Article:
As Holmes observed it, the face faded and the knocker resumed its accustomed reflective nature. Frowning over this, Holmes turned the knob and entered his rooms. It would not be fair to say that he was disturbed or upset; but it is certain that Holmes was intrigued by what had just transpired. He lit a pipe and tried to banish the memory from his thoughts. He failed.
Sitting once more before his dwindling fire, Holmes could not tear his mind from the singular event he had just experienced. There came to him through this contemplation the distant sound of metal clinking. He paid it no mind for a few moments until the sound persisted. As he listened, puffing on his pipe, he made out a rhythm like a man walking beneath a great burden. He listened absently until he realized that the steps of this burdened man were climbing the stairs of his own home! With trepidation and no little concern, Holmes sat absolutely still. There came a pounding upon his door as a man might who demanded redress of some wrong. It made the very floor shake and the ornaments and oddments about the shelves bounced with each blow. Holmes closed his eyes, knowing well the signs of hallucination. With a final blow like a great hammer, the door sprang open to slam hard back against the wall and rock the coat rack which stood close by.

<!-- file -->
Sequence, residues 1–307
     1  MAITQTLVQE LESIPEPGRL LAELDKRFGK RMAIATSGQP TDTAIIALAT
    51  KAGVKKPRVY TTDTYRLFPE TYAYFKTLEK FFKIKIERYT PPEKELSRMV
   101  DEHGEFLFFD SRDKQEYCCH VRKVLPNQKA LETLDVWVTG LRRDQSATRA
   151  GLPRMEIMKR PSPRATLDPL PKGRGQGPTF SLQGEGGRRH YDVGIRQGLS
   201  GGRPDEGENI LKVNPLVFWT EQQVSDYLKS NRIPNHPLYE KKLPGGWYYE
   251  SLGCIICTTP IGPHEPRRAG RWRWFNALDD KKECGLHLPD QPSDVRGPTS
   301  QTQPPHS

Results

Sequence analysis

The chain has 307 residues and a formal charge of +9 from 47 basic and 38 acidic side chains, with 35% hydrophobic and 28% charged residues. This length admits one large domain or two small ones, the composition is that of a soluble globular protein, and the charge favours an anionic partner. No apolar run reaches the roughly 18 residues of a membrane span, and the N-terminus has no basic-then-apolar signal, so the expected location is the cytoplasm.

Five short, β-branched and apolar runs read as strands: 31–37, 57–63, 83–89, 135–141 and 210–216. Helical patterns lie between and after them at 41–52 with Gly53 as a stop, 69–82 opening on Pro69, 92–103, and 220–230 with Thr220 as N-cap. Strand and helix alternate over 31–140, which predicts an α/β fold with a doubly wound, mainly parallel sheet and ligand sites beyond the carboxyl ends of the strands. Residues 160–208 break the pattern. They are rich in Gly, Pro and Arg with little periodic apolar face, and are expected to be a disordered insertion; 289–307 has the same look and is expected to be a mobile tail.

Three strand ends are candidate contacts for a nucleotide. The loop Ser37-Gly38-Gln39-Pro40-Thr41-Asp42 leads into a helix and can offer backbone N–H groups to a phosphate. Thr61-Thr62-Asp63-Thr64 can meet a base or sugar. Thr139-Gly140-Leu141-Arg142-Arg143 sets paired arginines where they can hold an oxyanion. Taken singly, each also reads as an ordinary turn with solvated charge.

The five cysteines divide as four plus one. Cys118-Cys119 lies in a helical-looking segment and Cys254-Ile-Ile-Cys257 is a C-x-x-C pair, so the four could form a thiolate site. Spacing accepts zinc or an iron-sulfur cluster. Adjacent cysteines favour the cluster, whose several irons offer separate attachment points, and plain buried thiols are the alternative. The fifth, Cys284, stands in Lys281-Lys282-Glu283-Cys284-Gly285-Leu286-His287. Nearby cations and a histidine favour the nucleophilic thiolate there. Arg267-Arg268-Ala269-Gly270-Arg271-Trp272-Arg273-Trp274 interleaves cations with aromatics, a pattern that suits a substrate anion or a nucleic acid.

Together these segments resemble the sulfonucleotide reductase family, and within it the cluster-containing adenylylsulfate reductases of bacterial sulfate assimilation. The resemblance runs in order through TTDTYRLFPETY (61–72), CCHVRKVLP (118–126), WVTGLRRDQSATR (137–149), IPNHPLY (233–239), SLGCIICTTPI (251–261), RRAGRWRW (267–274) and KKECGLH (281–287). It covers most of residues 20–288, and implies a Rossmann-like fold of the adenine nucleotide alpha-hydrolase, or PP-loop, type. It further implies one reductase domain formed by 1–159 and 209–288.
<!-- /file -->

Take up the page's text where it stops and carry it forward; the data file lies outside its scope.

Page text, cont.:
Opening his eyes, Holmes perceived the figure of a man wrapped 'round and 'round with a great chain from which depended skulls, the bodies of slain children, corpses of men who had died in great pain and those, too, of women shamefully used. Great cash-boxes and weapons of all kinds were twisted up in those ponderous links. It was a horror to behold. Holmes sat speechless. Moriarty. Professor Moriarty in inhuman form. The figure stepped heavily across the threshold dragging ever more links of chain behind him. Link upon link extended out of the door and into the darkened stairwell beyond to disappear from sight. It seemed that such a chain could not fit in the hall. It could not be made to fit in the entire house or perhaps even the city of London itself. It was a monstrous chain, indeed.
Holmes's calculating mind fought against what his senses beheld. This could not be, so it was not.
"How now, Moriarty?" Holmes said ironically.
The thing before Holmes opened its mouth to speak and forth gushed brackish water to spill down the front of its fine coat and the chains which bound it closed.
"Much the words I should have expected," the apparition said evenly, though it still sputtered water.
"So you speak," Holmes observed. "What is it that you want from me?"
"Much!" it said.
"Then you had better have a seat if you can," Holmes said mildly.
The thing struggled across the floor under its burden, dragging links behind it. Before the settee it stopped and, with great effort, sat. The settee did not so much as sag for there is no weight to an apparition no matter how heavily it is burdened.
"You do not believe in me," said the apparition calmly.